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Resignations of three state senators imminent

November 13, 2000
By: John Sheridan
State Capital Bureau

JEFFERSON CITY - A source close to Missouri Gov. Roger Wilson says the resignations of three state senators have been presented to the governor, but have not yet been accepted. The final resignations should be complete within the next day setting the stage for a special election that will determine if Republicans can maintain a senate majority.

State senators Joe Maxwell D-Mexico, William Clay D-St.Louis and Sam Graves R-Tarkio were all elected to higher offices last week. Accepting their resignations will allow Wilson to call a special election that will most likely take place on January 23.

Jerry Nachtigal, spokeman for the governors office, said problems with paperwork is holding up the resignation process, but would not comment on the nature of the problems.

Secretary of state communications dircetor Jim Grebing, whose office is in charge of elections, said his office had not been notified of the need for a special election.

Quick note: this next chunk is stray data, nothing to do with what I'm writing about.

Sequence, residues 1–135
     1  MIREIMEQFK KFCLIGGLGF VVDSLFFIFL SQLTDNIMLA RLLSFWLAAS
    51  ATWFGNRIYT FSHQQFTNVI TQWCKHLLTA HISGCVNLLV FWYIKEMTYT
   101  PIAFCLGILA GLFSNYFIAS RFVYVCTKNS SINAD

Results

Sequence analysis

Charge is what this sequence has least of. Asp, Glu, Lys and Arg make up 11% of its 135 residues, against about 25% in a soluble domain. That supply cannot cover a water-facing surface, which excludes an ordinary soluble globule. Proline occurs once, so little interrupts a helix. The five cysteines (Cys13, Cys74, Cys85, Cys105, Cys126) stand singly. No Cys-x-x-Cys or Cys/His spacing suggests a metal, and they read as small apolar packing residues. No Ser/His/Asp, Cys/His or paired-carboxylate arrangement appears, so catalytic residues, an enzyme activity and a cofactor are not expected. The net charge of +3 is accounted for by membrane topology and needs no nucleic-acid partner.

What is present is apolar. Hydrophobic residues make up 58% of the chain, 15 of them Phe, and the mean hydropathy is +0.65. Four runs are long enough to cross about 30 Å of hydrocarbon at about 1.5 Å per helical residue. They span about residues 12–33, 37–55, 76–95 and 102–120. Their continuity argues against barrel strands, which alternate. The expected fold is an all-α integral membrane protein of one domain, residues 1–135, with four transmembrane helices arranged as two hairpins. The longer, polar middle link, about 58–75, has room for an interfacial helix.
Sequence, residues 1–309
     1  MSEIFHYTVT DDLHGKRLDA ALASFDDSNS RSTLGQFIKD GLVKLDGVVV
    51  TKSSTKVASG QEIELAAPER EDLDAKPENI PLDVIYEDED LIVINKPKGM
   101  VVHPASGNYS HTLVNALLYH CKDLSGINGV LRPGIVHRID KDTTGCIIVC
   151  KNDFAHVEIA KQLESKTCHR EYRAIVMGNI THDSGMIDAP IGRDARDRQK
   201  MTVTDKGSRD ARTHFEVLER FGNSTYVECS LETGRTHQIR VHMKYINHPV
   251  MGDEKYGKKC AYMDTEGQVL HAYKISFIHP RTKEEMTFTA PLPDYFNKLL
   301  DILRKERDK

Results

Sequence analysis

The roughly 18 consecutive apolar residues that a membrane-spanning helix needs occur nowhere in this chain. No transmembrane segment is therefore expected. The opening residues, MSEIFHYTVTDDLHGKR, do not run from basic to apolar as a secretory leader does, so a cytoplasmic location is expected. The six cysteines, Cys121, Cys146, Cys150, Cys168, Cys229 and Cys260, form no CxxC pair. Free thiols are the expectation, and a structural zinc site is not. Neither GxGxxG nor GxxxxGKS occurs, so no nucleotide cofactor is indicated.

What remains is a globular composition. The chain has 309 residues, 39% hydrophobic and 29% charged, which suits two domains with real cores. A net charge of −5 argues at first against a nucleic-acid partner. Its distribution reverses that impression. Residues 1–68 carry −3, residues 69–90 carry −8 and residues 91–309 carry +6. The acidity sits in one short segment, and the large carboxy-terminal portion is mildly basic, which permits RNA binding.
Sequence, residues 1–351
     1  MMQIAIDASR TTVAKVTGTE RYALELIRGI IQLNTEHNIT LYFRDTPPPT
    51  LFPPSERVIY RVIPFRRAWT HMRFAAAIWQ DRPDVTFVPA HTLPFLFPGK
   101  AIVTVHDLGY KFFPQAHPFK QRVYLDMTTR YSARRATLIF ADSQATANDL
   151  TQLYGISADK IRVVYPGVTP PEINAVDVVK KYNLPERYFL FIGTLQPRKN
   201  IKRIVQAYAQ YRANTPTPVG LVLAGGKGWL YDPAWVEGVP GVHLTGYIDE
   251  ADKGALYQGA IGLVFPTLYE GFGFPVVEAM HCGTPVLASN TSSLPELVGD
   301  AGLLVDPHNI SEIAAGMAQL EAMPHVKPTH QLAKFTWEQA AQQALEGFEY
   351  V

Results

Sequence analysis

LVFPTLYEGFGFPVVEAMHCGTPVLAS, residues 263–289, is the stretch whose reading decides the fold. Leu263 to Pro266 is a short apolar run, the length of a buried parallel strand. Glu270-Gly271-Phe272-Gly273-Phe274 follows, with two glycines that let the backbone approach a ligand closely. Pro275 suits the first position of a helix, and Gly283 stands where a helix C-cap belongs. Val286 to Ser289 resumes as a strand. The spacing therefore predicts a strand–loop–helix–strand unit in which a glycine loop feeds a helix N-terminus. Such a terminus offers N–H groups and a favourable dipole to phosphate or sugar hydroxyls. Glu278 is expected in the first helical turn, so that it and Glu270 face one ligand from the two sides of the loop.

"They are under no obligation to resign," Grebing said, noting that the candidates could wait until their present terms expire in January before calling for a special election.

Grebing said the rational thing for the parties would be to have the special election for all vacated senatorial seats at the same time.

News of the possible resignations led to rampant speculation Monday, as Joe Maxwell resigned as Democratic caucus chair this morning. Maxwell's resignation as chair and his refusal to comment on whether he would resign his senatorial seat perhaps signal his resignation is imminent.

"I obviously do not want to resign today if it makes no difference as to when Gov. Wilson would call the election," Maxwell said after annoucing his resignation as caucus chair.

Maxwell said he would talk to Wilson before revealing if he would indeed resign.

The announcement of the possible resignations could have far reaching effects for the Missouri senate in the new legislative session.

If the senators, who are all moving on to higher offices, did not resign before the new session began the senate would be evenly divided at 17-17.

Since they are stepping down, Republicans will initially control the senate for about three weeks, but that could change if Democrats win all three seats during the special election that will be held to fill the vacated posts.